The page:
Learning a symbolic representation for multivariate time series classification
|Title||Learning a symbolic representation for multivariate time series classification|
|Publication Type||Journal Article|
|Year of Publication||2015|
|Authors||Baydogan, M. Gokce, and G. Runger|
|Journal||Data Mining and Knowledge Discovery|
|Keywords||codebook, Decision trees, supervised learning|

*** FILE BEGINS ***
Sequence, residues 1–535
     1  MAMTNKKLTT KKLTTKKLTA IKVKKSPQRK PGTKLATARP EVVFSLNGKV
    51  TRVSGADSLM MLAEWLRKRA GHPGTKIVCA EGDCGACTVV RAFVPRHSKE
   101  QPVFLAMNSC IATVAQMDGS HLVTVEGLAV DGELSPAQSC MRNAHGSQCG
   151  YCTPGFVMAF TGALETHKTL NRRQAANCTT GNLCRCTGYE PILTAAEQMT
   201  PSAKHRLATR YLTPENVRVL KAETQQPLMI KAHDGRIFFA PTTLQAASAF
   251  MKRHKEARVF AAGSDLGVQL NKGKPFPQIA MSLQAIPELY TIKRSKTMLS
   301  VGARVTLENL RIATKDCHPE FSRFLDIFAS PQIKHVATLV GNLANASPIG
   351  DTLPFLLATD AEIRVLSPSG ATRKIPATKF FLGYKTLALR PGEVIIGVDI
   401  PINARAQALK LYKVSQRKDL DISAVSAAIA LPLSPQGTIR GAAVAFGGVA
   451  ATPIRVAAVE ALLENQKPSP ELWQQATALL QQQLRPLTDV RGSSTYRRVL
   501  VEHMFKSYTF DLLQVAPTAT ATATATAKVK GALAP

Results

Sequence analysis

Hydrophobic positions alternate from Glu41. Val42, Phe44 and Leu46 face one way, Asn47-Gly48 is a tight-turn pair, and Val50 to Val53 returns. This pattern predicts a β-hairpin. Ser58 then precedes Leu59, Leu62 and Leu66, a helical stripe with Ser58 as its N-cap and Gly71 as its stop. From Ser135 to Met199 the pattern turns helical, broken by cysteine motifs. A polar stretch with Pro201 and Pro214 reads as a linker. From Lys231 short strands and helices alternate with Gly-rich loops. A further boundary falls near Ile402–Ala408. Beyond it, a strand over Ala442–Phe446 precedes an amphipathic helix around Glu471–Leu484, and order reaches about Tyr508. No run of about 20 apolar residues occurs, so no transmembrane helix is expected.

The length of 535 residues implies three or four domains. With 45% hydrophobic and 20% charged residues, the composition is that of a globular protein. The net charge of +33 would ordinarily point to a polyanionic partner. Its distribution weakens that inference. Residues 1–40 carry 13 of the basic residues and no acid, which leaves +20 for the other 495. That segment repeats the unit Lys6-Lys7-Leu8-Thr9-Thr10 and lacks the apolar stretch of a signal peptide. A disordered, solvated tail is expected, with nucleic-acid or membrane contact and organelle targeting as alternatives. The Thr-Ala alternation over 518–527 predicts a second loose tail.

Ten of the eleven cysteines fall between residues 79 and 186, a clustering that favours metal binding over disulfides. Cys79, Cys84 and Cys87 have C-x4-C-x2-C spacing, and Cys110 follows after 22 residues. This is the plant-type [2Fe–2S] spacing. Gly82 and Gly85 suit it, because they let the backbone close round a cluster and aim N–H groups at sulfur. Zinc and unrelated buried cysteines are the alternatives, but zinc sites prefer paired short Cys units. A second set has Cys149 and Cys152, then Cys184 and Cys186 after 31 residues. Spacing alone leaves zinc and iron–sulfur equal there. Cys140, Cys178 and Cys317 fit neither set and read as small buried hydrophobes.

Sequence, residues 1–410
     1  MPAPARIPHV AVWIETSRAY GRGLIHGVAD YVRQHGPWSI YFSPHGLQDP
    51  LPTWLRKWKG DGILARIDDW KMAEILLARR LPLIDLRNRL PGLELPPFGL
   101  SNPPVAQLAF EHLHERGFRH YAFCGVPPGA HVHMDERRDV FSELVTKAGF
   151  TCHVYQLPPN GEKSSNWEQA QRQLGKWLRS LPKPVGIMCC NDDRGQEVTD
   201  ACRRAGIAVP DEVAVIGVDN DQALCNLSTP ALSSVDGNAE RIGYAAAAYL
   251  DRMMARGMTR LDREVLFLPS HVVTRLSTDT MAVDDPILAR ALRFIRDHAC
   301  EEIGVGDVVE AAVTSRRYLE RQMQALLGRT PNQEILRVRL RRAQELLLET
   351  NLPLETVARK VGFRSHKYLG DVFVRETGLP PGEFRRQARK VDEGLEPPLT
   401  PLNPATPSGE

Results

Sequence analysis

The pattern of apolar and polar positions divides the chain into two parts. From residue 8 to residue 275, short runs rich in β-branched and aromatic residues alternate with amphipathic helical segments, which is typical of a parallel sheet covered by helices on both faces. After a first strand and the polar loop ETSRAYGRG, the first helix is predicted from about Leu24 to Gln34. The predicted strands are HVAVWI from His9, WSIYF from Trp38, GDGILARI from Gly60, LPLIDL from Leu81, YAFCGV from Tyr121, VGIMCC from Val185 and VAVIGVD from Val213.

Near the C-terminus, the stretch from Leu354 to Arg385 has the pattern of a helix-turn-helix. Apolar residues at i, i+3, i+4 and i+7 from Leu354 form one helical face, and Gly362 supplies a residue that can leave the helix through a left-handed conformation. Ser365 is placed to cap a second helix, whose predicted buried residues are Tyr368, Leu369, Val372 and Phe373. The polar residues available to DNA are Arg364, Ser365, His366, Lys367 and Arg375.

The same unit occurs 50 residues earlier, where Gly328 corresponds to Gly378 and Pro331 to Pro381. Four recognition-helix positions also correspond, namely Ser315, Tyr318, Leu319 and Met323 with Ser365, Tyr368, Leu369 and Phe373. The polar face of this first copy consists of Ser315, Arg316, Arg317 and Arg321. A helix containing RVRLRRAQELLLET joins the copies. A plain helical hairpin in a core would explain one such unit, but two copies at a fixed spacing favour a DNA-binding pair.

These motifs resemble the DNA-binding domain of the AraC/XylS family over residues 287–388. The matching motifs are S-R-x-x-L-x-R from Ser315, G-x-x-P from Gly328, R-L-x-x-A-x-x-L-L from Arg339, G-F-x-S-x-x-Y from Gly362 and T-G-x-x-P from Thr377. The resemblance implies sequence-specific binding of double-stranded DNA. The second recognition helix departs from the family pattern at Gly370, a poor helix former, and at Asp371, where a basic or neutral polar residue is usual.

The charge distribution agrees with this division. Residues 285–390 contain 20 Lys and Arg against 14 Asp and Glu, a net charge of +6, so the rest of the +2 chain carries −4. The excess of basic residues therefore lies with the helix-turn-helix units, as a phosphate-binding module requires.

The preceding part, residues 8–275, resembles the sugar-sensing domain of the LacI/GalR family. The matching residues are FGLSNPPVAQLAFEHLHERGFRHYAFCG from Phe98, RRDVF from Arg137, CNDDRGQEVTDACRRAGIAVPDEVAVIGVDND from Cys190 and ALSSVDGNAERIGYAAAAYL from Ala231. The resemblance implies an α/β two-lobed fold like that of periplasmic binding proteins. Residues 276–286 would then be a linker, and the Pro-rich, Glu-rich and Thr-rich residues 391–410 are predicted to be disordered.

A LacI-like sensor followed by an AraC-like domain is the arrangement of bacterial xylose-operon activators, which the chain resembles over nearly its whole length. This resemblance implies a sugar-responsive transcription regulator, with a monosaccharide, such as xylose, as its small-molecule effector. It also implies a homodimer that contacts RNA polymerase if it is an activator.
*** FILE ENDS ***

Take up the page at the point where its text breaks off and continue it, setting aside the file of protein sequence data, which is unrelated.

Multivariate time series (MTS) classification has gained importance with the increase in the number of temporal datasets in different domains (such as medicine, finance, multimedia, etc.). Similarity-based approaches, such as nearest-neighbor classifiers, are often used for univariate time series, but MTS are characterized not only by individual attributes, but also by their relationships. Here we provide a classifier based on a new symbolic representation for MTS (denoted as SMTS) with several important elements. SMTS considers all attributes of MTS simultaneously, rather than separately, to extract information contained in the relationships. Symbols are learned from a supervised algorithm that does not require pre-defined intervals, nor features. An elementary representation is used that consists of the time index, and the values (and first differences for numerical attributes) of the individual time series as columns. That is, there is essentially no feature extraction (aside from first differences) and the local series values are fused to time position through the time index. The initial representation of raw data is quite simple conceptually and operationally. Still, a tree-based ensemble can detect interactions in the space of the time index and time values and this is exploited to generate a high-dimensional codebook from the terminal nodes of the trees. Because the time index is included as an attribute, each MTS is learned to be segmented by time, or by the value of one of its attributes. The codebook is processed with a second ensemble where now implicit feature selection is exploited to handle the high-dimensional input. The constituent properties produce a distinctly different algorithm. Moreover, MTS with nominal and missing values are handled efficiently with tree learners. Experiments demonstrate the effectiveness of the proposed approach in terms of accuracy and computation times in a large collection multivariate (and univariate) datasets.